Purpose: To report and evaluate qualitative elastography patterns by using gray-scale and Doppler ultrasound (US) in patients presenting with benign thyroid nodules and to evaluate the reproducibility of US elastography examinations. Materials and Methods: Institutional review board approval was obtained, and all patients provided informed consent. Over a 3-month time period, all consecutive adult patients were referred to our institution to undergo a thyroid nodule fine-needle aspiration biopsy (FNAB) procedure. Patients presenting with benign cytology according to the Bethesda 2008 classification were prospectively enrolled in the study. Each thyroid nodule was assessed by using gray-scale, Doppler US, and elastography acquisitions by a single operator (A. L.). Multiple elastography acquisitions per thyroid nodule were performed and elastography scorings of the nodules were compared with each other. Results: Nineteen patients (16 women and 3 men, mean age 58 years) with 22 thyroid nodules were included in the present study. Elastographic patterns 1, 2, and 3 were reported (23% nodules showed pattern 3). The elastography pattern showed a strong variability in 13 nodules (59%). The elastography acquisition result variability involved the "malignant" pattern 3 in 36% of cases. Conclusion: Almost one-third of benign thyroid nodules displayed pattern 3 on qualitative US elastography. The intra-observer variability of the benign thyroid elastography scoring is wide, thus limiting the thyroid nodule US examination accuracy. In FNAB-proven benign thyroid nodules, elastography pattern 3 is frequent and cannot be used as a strong indicator of thyroid malignancy.
  3,913 435 1
Encephalocraniocutaneous lipomatosis with calvarial exostosis - Case report and review of literature
Shruti Thakur, Vijay Thakur, Ram Gopal Sood, Charu Smita Thakur, Shweta Khanna
October-December 2013, 23(4):333-336
DOI:10.4103/0971-3026.125607  PMID:24604937
Encephalocraniocutaneous lipomatosis (ECCL), also known as Haberland syndrome, is a rare syndrome with unknown etiology. The syndrome is characterized by a triad of unique cutaneous, ocular, and central nervous system (CNS) manifestations. The cutaneous hallmark, nevus psiloliparus (NP), along with overlying alopecia is a constant feature. Choristoma of the eyelid is the most common ocular manifestation, while intracranial lipoma is the predominant CNS finding. Genetic counseling is required to emphasize that the disorder, although congenital, is not inheritable. We present a 21-year-old female with cutaneous, ocular, and CNS features satisfying the diagnostic criteria for ECCL. To our knowledge, this is the first case of ECCL having a large temporal exostosis. The objective of this article is to better understand the phenotypic spectrum of this syndrome whose molecular basis is still unknown.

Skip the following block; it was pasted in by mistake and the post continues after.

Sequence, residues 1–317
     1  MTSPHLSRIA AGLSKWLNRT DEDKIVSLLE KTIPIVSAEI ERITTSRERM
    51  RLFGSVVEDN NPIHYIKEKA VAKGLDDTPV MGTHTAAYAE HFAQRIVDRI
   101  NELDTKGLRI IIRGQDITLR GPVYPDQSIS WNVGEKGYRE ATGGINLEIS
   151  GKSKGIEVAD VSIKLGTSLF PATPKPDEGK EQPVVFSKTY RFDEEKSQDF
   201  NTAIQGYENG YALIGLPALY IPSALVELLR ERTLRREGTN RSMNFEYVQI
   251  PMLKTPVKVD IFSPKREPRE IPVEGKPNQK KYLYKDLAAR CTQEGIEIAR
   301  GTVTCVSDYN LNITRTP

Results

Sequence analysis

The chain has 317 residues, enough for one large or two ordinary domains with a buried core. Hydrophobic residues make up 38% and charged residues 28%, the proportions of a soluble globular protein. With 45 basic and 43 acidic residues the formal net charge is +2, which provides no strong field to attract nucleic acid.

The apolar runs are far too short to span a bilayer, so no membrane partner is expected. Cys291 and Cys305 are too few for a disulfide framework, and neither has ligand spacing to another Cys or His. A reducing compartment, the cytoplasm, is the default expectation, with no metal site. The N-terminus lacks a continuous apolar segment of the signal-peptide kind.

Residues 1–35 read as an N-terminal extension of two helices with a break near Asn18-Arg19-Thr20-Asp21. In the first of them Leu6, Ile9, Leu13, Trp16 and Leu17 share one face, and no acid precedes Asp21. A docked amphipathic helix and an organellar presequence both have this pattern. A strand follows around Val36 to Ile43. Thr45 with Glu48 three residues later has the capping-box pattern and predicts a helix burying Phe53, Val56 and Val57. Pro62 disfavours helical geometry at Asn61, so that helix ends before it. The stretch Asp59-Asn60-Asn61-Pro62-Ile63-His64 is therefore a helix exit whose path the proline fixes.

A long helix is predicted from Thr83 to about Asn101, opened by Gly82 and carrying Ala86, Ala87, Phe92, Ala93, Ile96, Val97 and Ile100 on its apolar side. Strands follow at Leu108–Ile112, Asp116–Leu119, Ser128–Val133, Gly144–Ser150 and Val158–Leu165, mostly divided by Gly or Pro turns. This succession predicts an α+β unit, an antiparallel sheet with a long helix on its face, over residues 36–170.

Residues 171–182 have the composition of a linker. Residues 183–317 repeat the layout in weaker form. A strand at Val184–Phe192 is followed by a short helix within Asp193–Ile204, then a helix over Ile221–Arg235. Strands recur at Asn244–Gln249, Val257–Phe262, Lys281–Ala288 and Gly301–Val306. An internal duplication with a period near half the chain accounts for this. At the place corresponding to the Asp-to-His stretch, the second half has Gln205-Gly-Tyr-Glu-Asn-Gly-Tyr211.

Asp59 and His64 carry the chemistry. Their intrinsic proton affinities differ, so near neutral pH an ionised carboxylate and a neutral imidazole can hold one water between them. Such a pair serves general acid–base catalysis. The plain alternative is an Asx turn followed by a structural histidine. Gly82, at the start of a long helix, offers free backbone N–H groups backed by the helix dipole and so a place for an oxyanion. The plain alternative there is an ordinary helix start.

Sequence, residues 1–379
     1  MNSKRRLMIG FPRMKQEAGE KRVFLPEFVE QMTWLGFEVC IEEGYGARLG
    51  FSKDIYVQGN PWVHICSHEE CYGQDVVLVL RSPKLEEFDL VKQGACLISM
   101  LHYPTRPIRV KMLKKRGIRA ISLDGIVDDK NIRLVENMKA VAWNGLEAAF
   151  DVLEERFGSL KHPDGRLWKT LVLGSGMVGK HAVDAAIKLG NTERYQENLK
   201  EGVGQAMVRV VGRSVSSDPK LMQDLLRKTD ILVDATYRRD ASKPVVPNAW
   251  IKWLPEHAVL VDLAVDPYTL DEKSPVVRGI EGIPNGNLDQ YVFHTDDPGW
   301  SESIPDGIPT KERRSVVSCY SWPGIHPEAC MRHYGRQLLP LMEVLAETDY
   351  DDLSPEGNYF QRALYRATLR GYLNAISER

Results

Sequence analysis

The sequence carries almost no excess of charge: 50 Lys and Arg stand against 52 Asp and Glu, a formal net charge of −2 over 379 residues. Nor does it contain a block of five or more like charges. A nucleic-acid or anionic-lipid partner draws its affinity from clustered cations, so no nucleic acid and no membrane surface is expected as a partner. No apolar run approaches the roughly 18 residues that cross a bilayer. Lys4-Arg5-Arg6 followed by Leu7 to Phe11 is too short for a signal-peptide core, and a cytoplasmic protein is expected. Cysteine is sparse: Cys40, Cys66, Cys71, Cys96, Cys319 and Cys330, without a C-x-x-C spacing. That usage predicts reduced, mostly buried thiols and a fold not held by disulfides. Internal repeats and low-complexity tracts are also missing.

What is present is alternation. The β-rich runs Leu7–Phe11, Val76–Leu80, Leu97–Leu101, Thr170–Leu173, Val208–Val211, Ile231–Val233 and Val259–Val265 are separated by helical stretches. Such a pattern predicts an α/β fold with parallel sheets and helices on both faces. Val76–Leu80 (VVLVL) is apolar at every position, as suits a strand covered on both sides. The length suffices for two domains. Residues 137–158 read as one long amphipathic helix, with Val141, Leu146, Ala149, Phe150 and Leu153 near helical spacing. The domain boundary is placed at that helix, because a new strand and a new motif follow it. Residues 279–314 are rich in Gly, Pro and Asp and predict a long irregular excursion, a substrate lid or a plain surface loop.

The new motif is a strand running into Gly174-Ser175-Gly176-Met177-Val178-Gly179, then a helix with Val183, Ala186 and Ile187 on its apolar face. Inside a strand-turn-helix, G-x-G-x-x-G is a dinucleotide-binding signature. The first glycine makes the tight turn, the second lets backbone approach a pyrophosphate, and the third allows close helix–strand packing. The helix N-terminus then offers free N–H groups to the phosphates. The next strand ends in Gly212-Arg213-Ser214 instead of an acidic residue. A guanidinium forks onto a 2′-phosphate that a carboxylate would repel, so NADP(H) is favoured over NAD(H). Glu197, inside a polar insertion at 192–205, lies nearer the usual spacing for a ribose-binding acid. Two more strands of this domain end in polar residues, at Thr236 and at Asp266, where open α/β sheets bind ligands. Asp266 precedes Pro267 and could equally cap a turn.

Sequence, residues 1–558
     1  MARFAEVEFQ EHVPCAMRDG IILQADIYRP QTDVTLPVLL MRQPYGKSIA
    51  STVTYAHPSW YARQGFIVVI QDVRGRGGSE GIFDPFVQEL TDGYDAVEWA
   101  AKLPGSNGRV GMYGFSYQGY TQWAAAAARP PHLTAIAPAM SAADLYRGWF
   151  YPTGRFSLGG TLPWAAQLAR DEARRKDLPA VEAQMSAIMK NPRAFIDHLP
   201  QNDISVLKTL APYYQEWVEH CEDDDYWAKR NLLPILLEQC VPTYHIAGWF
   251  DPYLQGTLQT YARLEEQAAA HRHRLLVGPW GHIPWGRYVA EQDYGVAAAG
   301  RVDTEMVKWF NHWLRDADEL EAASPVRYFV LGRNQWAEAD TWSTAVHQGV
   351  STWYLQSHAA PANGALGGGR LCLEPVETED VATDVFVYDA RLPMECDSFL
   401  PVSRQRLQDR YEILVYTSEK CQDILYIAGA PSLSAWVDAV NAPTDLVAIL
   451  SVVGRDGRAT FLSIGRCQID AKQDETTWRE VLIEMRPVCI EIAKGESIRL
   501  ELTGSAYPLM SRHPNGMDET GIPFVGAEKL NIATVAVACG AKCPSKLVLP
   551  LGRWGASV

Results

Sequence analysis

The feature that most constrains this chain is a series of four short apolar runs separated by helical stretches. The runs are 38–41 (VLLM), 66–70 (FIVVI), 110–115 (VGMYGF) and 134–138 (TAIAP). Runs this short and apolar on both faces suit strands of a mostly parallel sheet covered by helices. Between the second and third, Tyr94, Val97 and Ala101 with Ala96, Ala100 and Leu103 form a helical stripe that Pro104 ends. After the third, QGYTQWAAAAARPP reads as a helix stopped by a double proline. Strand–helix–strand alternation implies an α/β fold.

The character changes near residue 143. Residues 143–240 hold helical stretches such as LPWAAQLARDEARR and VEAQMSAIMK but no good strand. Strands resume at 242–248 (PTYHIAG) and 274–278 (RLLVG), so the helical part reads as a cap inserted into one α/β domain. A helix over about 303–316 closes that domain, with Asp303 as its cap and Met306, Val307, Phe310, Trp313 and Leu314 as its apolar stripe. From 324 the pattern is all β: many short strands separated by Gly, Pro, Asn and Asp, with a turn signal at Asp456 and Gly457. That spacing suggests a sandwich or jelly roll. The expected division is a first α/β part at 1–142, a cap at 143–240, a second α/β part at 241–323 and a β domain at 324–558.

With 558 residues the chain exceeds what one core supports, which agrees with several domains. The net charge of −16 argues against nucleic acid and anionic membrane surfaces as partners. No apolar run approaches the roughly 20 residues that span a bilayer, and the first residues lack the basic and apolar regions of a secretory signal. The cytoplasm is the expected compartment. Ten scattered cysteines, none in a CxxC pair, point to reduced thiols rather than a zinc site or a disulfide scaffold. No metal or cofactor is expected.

3,952 202 1
Cone-beam computed tomography in the management of dentigerous cyst of the jaws: A report of two cases
Lakshminarayanan Vidya, Kannan Ranganathan, B Praveen, Rajan Gunaseelan, S Shanmugasundaram
October-December 2013, 23(4):342-346
DOI:10.4103/0971-3026.125614  PMID:24604939
Cone-beam computed tomography (CBCT) is an emerging technology finding application in all branches of dentistry. The current series highlights the application of CBCT in the preoperative assessment of dentigerous cyst of the jaws.
  3,760 313 -
Unconventional abdominal uses of FIESTA (CISS) sequence
Anitha Sen
October-December 2013, 23(4):386-390
DOI:10.4103/0971-3026.125588  PMID:24604946
The ability to provide cross-sectional imaging, combined with a lack of ionizing radiation has made magnetic resonance imaging (MRI) of abdomen popular. We report four interesting cases: Midgut malrotation with volvulus, sigmoid volvulus, biliary rupture of hydatid cyst, and small bowel lipomatosis, where fast imaging employing steady-state acquisition [FIESTA]/constructive interference into steady state [CISS] sequence helped in clinching the diagnosis.
  3,756 241 -
Acute pulmonary melioidosis in a child: A case report and review of literature
Deb K Boruah, Arjun Prakash, Reeta Bora, Lemanstar Buragohain
October-December 2013, 23(4):310-312
DOI:10.4103/0971-3026.125576  PMID:24604934
Melioidosis is a rare potentially fatal infection caused by the bacterium Burkholderia pseudomallei, which is endemic in Southeast Asia and Northern Australia and an emerging pathogen in India. It is a largely under-diagnosed disease and an imitator of tuberculosis, both clinically and radiologically.
  3,675 237 1
Retrograde fluoroscopy-guided trans-urethral exchange of ureteral stents: Comparison of direct grasping vs. modified snare
Rosario Francesco Grasso, Eliodoro Faiella, Roberto Luigi Cazzato, Giacomo Luppi, Riccardo Del Vescovo, Francesco Giurazza, Simona Mercurio, Bruno Beomonte Zobel
October-December 2013, 23(4):347-350
DOI:10.4103/0971-3026.125615  PMID:24604940